The new interpretive panels were installed as part of a preservation and interpretive project.

The new interpretive panels were installed as part of a preservation and interpretive project.

Fort Casey gets a makeover with new features

  • Friday, June 16, 2017 1:21pm
  • Life

If anyone can appreciate the most recent improvements at Fort Casey State Park, it’s Jon Crimmins.

Nearly 40 interpretive panels have been installed at the state park in recent months as part of a state-funded project to better tell the story of the former World War I-era Army post.

Replications of tools, gun shells, a telephone communication system, plotting boards and more add to the interpretive experience for visitors.

“I think people are going to like it,” said Jon Crimmins, who manages the state park and grew up around it.

“I spent all of my childhood playing out there not having a clue what I was playing on. That’s something I would have really appreciated.”

The “Fort Casey Preservation and Interpretive Project” has been ongoing for two years. It actually started briefly in 2004 when Washington State Parks created a coast defense interpretive plan for its parks and identified Fort Casey as its top priority because of its intact batteries and other surviving structures.

Funds ran out quickly, however, and didn’t become available again to resume the project until July of 2015, said Ryan Karlson, interpretive program manager for Washington State Parks.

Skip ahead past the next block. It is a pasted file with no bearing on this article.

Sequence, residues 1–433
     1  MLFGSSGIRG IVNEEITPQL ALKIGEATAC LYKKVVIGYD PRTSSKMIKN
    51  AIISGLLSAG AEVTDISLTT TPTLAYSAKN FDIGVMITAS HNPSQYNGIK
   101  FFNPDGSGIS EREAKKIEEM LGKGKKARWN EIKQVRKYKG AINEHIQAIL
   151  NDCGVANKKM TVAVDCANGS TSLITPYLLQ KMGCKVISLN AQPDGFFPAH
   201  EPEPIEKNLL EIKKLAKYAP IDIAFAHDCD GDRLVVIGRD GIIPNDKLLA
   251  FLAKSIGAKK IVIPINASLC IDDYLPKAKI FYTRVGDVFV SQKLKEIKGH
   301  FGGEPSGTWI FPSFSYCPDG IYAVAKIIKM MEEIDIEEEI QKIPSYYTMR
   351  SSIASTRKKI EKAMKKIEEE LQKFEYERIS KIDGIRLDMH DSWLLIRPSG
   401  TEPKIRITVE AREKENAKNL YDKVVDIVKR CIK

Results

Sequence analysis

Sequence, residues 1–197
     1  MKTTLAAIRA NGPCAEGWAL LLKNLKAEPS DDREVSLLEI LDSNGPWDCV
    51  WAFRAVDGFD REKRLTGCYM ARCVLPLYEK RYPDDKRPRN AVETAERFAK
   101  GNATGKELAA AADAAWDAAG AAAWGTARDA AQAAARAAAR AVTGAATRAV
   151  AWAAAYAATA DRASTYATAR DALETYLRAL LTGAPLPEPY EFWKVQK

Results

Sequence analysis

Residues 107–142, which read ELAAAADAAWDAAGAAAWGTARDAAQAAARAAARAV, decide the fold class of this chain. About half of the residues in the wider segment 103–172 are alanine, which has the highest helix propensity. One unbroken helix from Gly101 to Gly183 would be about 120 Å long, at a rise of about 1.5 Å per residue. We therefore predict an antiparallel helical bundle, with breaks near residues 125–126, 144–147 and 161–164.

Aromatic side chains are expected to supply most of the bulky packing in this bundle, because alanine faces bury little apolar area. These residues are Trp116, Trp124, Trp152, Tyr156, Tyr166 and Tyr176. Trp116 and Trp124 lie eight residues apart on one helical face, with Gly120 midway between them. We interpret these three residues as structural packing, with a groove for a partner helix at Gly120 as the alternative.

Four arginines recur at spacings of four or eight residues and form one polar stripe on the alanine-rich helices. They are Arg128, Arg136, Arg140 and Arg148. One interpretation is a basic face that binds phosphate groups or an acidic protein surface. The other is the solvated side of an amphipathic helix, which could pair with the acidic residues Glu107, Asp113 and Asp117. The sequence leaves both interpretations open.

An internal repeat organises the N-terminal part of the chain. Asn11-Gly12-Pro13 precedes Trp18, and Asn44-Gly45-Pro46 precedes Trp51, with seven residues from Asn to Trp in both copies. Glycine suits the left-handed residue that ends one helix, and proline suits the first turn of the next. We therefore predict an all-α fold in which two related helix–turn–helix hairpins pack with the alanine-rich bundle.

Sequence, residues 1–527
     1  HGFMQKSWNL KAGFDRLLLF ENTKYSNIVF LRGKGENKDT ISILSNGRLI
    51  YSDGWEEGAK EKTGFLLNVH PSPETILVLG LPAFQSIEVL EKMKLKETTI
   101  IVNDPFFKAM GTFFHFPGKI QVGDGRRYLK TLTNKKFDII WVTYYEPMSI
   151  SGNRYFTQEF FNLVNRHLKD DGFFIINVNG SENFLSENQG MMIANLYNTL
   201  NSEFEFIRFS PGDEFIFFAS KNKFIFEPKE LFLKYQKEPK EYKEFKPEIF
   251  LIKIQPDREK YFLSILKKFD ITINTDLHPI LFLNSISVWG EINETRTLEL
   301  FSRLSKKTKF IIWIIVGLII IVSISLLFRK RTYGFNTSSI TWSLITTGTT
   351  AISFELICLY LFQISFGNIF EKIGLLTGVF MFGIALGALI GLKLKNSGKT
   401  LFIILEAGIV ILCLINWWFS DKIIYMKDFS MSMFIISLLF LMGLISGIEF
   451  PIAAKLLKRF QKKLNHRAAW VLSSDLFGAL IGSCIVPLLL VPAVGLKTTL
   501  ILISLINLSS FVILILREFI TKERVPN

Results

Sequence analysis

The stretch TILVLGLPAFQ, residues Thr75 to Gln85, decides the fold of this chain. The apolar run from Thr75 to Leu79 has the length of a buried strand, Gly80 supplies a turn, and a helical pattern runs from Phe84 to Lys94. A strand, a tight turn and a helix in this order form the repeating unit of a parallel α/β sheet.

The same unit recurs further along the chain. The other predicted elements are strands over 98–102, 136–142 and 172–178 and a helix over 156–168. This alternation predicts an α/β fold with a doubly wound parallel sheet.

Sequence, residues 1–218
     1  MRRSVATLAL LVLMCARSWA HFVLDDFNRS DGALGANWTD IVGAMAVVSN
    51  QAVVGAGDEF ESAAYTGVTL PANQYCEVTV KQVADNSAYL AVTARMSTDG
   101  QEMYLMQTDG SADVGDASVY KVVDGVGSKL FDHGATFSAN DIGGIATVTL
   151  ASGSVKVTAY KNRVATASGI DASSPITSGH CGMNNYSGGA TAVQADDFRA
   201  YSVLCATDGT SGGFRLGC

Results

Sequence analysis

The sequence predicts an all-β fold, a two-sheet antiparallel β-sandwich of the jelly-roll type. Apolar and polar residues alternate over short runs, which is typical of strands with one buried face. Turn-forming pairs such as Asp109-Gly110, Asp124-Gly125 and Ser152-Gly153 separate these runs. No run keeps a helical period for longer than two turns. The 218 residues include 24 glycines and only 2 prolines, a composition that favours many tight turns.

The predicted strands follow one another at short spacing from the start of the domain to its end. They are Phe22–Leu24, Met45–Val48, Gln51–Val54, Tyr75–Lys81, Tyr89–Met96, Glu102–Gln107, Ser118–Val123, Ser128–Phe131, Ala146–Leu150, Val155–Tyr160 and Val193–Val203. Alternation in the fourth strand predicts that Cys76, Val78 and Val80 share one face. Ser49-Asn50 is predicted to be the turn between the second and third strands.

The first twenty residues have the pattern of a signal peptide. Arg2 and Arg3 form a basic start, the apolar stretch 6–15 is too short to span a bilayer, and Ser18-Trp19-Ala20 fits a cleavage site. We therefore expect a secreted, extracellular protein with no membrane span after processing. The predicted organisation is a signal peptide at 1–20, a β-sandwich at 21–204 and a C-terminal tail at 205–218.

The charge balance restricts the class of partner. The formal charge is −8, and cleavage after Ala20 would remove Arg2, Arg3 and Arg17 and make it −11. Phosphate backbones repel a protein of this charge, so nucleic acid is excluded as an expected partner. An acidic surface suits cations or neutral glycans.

“This is long awaited,” Karlson said. “We started the design back in 2004.”

“We have people working on this project who were involved back then. This is a great Washington story of our national defense system right here in Washington state. We’re really excited.”

The mission was specific.

“What we’re trying to do with the project is interpret the coast defense history of Fort Casey and its role in the coast defense of the Puget Sound,” Karlson said. “In particular, how it got there and why it got there?”

Fort Casey, Fort Worden in Port Townsend and Fort Flagler on Marrowstone Island all made up the “triangle of fire,” each armed with huge guns designed to protect the entrance to Puget Sound.

The technology was state of the art near the turn of the 20th century but was short-lived, Karlson said.

Fort Casey, with its 10-inch guns pointed toward the water, was no longer an effective part of the coast national defense system by the 1920s, he said.

“The evolution of technology is one of the main themes we have in our exhibit,” Karlson said. “The big idea that we’re trying to get across is the notion that rapid change in technology really made a significant impact on this fort in two particular areas. One is the rapid advance of technology of battle ships. They basically became heavier armored and able to withstand this type of defense system. And also the evolution of the airplane.”

Karlson said the exhibits also are designed to explain how things functioned at the old fort and why the fort was designed in such a way.

“Among the questions I got was, ‘What is this thing? Why is it here?’” Karlson said. “We are trying to address basic questions visitors have been asking for years.”

The project is expected to wrap up by the end of June.

To enter Fort Casey by vehicle, visitors must have a Discover Pass.

Photos by Ron Newberry/Whidbey News-Times                                A family explores the battery at Fort Casey State Park. New interpretive panels that explain the story of the former World War I-era Army post have been installed in recent months.

Photos by Ron Newberry/Whidbey News-Times A family explores the battery at Fort Casey State Park. New interpretive panels that explain the story of the former World War I-era Army post have been installed in recent months.

Visitors explore artillery canons at Fort Casey State Park.

Visitors explore artillery canons at Fort Casey State Park.